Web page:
ICAN UK campaigners blockade London Arms Fair
September 14, 2015
ICAN UK was proud to join hundreds of protesters from Campaign Against the Arms Trade (CAAT) and other groups which form the Stop the Arms Fair coalition to help block both entrances to the DSEI London arms fair at the weekend. Research shows that well-known British financial institutions such as Barclays, Lloyds Banking Group and RBS are investing heavily in companies that produce nuclear weapons and that are sponsoring the DSEI arms fair. Our messages were clear: Don’t Bank on the Bomb and Ban Nuclear Weapons Now!
The arms fair is sponsored by nuclear weapons producers: DSEI (Defence & Security Equipment International) is the world’s largest arms fair. ‘Platinum sponsors’ of DSEI 2015 are BAE Systems and General Dynamics. BAE Systems is involved in the US and UK Trident II (D5) strategic nuclear weapons system programmes and US Intercontinental Ballistic Missile systems. General Dynamics provides a range of engineering, development, and production activities to support both US and UK Trident II Strategic Weapons Systems.
British investment in nuclear weapons producers: ‘Don’t Bank on the Bomb’ research by Netherlands-based PAX, an ICAN partner, lays bare the financing of the nuclear weapons industry and shows that British financial institutions are profiting from the manufacture of weapons of mass destruction.
From 1 January 2011 – 31 august 2014, 35 UK financial institutions made an estimated £18,126million (USD $ 27,861million) available to nuclear weapons producing companies. For the two ‘platinum sponsors’ of the 2015 DSEI arms fair, BAE Systems and General Dynamics, the total amounts made available in loans and shareholdings from UK financial institutions for the same period are £3367.46million (BAE Systems) and £1724.72million (General Dynamics).
The UK financial institutions making funds available include well-known brands such as:
Barclays (£623.92m to BAE; £126.87m to General Dynamics),
Lloyds Banking Group (£154.19m to BAE; £126.87m to General Dynamics),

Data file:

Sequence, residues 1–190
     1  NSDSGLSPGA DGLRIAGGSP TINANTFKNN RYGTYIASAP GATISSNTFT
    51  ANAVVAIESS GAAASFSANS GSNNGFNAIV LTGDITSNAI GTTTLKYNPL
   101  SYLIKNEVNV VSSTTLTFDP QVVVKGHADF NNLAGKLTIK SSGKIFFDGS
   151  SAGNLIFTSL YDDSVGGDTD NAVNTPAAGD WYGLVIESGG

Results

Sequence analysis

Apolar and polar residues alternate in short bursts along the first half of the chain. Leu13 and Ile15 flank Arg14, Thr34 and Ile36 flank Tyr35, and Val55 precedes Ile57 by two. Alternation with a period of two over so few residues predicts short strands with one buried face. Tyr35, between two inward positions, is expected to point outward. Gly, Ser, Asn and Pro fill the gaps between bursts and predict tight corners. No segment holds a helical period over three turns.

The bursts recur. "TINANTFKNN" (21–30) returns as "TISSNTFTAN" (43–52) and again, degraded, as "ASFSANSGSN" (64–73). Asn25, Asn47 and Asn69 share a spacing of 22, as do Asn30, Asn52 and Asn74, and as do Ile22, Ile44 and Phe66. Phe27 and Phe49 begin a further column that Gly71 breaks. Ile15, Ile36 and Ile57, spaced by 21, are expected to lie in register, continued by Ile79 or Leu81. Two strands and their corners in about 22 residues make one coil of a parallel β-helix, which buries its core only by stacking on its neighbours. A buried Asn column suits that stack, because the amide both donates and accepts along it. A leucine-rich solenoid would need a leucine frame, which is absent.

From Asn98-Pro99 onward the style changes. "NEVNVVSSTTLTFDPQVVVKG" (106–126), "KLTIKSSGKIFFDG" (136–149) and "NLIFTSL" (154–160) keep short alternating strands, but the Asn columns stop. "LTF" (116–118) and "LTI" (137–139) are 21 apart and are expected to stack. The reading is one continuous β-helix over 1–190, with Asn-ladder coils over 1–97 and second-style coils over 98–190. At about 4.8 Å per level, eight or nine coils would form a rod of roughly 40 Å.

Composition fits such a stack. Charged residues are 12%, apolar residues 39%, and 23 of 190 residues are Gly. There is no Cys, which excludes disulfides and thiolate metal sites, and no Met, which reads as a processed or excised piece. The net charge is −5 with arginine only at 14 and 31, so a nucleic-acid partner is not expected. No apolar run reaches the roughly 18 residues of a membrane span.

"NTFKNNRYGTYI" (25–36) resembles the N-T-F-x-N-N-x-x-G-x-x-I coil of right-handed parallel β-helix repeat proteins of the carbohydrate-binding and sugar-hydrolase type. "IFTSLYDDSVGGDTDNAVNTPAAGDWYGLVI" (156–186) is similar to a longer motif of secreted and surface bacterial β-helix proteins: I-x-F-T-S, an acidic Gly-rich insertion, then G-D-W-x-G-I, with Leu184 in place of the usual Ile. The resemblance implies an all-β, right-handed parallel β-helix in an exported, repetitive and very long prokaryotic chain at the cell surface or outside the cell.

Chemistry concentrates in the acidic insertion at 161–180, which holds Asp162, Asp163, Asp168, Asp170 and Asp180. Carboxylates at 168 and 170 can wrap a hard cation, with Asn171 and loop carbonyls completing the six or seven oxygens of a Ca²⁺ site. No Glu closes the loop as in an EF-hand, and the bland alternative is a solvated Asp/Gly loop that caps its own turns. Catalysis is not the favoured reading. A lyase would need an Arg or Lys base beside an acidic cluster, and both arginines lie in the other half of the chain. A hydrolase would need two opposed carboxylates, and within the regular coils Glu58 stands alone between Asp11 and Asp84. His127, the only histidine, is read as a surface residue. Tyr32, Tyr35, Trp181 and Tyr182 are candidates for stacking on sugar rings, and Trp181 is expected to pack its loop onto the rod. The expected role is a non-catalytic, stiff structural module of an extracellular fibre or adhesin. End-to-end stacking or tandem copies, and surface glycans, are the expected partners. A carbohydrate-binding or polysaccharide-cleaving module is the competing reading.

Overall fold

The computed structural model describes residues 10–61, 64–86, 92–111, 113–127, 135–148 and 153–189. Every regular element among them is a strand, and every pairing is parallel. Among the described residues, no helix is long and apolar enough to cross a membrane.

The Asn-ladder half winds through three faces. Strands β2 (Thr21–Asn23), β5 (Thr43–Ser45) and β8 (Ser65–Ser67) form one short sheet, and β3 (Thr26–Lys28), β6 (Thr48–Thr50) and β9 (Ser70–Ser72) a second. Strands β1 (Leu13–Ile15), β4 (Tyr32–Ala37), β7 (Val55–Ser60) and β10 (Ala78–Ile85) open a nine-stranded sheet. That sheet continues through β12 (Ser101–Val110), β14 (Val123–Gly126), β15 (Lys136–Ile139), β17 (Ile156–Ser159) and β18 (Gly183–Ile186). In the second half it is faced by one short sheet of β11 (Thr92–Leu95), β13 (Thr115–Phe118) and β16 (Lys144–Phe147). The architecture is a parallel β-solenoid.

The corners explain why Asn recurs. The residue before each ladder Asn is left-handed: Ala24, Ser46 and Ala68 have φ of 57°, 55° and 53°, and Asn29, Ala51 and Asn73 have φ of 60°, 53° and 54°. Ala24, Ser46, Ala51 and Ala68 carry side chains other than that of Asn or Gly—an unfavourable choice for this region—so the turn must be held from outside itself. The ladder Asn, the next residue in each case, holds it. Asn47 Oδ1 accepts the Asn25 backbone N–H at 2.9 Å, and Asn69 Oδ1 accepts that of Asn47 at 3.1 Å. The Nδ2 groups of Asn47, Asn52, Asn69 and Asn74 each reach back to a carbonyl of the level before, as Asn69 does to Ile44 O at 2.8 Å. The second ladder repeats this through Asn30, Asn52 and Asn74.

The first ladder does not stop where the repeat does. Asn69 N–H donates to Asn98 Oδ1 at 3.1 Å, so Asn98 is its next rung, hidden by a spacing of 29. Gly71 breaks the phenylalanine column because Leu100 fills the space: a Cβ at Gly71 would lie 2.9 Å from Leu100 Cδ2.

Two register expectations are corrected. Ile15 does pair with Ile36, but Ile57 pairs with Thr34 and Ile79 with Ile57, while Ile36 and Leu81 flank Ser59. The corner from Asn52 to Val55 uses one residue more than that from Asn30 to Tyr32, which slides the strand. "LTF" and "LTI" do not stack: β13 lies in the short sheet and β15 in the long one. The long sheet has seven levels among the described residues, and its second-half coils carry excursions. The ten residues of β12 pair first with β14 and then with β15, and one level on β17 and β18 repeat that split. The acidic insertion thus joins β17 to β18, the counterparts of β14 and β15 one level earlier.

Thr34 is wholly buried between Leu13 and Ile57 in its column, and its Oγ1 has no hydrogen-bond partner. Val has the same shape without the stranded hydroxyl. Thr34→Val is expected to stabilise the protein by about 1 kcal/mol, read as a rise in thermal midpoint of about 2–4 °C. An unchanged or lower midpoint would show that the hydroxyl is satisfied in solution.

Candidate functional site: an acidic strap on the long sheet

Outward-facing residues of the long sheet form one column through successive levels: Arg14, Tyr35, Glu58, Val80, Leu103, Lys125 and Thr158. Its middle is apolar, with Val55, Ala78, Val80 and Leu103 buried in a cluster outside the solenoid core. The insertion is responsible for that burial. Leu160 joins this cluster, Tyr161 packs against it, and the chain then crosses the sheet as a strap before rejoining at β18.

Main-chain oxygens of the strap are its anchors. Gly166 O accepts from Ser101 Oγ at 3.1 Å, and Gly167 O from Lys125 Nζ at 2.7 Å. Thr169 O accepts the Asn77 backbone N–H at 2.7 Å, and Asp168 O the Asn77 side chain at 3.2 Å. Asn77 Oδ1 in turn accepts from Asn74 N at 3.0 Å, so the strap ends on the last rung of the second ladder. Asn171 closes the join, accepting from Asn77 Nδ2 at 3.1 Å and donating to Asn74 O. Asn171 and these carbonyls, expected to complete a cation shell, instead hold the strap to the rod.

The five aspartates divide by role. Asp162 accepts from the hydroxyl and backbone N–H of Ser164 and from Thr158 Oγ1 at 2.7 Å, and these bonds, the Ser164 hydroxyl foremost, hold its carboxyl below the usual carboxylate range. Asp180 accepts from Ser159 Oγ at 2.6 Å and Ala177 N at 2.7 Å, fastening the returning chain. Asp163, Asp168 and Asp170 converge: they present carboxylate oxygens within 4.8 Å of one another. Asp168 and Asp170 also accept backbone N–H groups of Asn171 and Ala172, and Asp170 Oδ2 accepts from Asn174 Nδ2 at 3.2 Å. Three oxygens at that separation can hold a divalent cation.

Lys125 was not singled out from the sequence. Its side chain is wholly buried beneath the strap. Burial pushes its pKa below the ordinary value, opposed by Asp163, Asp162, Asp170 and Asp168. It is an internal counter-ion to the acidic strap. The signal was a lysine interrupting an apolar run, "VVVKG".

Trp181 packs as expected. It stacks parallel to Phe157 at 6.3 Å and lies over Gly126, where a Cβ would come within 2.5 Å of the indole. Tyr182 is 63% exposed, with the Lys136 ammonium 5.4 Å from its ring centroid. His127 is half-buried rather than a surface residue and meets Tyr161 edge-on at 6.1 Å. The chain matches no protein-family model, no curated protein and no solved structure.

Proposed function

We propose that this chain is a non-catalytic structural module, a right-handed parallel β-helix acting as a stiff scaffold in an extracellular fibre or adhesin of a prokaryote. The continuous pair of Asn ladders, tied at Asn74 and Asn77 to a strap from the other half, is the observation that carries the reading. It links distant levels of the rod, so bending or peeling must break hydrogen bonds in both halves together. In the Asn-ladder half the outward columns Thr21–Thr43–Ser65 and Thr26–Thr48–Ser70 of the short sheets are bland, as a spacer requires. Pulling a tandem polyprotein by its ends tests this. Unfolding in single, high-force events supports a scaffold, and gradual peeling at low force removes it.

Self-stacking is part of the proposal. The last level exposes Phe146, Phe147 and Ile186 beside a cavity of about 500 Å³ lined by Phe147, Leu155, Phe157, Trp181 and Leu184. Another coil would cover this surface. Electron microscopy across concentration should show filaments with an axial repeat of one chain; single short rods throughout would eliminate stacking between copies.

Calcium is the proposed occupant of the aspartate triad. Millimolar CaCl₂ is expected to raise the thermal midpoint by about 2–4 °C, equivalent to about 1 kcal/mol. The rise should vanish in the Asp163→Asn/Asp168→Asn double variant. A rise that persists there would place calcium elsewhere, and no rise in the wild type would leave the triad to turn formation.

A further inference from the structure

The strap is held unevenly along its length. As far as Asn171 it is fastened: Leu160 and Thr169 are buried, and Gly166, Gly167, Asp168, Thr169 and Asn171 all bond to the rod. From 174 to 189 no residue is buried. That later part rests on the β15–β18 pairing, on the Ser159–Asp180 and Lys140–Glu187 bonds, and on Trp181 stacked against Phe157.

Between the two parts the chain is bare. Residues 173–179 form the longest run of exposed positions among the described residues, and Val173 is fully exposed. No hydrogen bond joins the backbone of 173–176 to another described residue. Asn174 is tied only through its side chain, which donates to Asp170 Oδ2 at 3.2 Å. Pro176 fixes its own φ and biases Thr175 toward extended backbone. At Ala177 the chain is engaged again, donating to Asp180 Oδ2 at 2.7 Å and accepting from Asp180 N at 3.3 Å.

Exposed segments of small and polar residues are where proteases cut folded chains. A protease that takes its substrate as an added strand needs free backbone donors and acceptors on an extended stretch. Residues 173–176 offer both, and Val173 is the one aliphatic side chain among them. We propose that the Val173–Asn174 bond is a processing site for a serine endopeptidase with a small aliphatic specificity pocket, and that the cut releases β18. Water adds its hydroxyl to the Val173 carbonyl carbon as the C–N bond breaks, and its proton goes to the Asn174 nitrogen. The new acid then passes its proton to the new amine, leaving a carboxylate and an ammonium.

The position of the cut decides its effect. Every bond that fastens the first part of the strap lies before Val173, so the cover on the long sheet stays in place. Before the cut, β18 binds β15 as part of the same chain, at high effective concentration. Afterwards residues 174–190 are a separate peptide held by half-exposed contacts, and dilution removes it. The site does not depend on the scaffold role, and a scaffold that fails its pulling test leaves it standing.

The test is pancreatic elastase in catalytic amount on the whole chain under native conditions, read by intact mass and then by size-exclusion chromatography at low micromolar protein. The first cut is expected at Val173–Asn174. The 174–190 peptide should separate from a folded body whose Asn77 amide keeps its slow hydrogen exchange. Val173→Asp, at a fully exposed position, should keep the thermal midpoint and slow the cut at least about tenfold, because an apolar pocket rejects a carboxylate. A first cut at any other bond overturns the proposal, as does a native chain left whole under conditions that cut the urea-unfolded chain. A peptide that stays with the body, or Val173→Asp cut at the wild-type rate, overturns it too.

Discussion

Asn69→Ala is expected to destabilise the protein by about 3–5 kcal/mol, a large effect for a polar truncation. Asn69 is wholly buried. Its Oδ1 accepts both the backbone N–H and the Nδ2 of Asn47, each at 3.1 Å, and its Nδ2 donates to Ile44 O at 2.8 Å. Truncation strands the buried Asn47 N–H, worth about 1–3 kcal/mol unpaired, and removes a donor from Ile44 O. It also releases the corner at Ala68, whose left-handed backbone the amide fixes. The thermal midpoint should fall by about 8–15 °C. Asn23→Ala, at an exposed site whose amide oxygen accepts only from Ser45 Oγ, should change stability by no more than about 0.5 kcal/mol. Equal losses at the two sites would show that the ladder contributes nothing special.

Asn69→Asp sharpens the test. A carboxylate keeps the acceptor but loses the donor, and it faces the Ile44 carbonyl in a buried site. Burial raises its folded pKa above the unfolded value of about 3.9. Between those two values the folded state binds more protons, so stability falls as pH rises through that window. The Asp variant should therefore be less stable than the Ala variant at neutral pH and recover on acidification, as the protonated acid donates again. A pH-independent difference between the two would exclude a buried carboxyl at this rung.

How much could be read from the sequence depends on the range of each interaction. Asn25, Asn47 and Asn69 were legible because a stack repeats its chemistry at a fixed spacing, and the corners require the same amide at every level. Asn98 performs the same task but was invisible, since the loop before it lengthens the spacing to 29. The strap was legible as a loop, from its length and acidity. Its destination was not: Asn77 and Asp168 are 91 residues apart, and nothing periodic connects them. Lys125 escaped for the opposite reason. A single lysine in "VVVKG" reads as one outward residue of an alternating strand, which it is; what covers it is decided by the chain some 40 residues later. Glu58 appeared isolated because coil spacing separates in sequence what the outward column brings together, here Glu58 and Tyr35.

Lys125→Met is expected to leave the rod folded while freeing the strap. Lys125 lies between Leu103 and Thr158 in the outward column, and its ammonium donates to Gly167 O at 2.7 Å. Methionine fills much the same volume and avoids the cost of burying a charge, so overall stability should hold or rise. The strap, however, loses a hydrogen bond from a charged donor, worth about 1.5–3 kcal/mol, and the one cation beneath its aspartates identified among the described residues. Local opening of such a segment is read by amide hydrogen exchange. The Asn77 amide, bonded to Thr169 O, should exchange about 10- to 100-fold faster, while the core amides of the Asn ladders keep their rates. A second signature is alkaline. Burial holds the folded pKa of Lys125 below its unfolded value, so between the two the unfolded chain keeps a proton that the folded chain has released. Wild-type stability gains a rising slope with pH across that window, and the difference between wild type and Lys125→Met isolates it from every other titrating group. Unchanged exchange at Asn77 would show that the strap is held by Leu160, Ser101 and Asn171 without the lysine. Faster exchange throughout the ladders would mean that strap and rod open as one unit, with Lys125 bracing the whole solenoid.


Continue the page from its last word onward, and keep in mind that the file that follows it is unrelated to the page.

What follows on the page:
and RBS (£154.19m to BAE; £419.63m to General Dynamics).
Policies against investment? Some financial institutions operating in the UK already have policies in place that limit or prohibit any investments in nuclear weapons producing companies. The Co-operative Bank’s current investment policy excludes investment in nuclear weapons producers, and Triodos Bank excludes all companies involved in arms-related activities.
Agreed in Parliament? The length of the contracts for nuclear weapons producers, some of which were agreed in 2012 but won’t be delivered until 2018, raises concerns about the adherence of the government to the ‘main gate’ decision to renew Trident due to take place in 2016. The length of the contracts suggest that Trident renewal may already have been agreed, pre-empting a decision by Parliament.
Independent UK system? Because the US leases all nuclear weapons technology to the UK, the two systems are intertwined and it is not possible to separate out investment that is only in the UK nuclear weapons programme. This in itself has implications for claims about the independence of UK Trident from the US.
Making nuclear weapons illegal: Nuclear weapons are the only WMD not explicitly prohibited by international treaty. A new treaty banning nuclear weapons, which could be negotiated as early as 2016, will have a significant impact on countries like the UK. Even if the UK doesn’t initially participate in such a treaty, investments such as those detailed in ‘Don’t Bank on the Bomb’ can become illegal under international law. The stigma attached to investing in an illegal weapon mean that it will become increasingly difficult to finance the production of nuclear weapons.
The humanitarian initiative on nuclear weapons: There has been a fundamental shift in the international discourse on nuclear disarmament over the past five years, based on the evidence of the humanitarian impacts from any nuclear weapon detonation and an acknowledgement of the increasing risk of use of nuclear weapons. 115 countries have signed a historic ‘humanitarian pledge’ to prohibit and eliminate these WMDs, signalling that a majority of the world’s governments are ready to move forward with the prohibition of nuclear weapons, even if nuclear weapon states such as the UK are not ready to participate.
Quote from Susi Snyder, co-author of the ‘Don’t Bank on the Bomb’: “No bank, pension fund or insurance company should have financial relations with companies involved in weapons of mass destruction. There are better ways to make a profit instead of financing the production of inhumane and indiscriminate weapons that governments are obliged to disarm. Financial institutions like the Co-operative Bank in the UK show that it is possible to have policies that stigmatize these weapons, and exclude them from investments.”
‘Don’t Bank on the Bomb’ 2015 global report will be launched in the UK in November.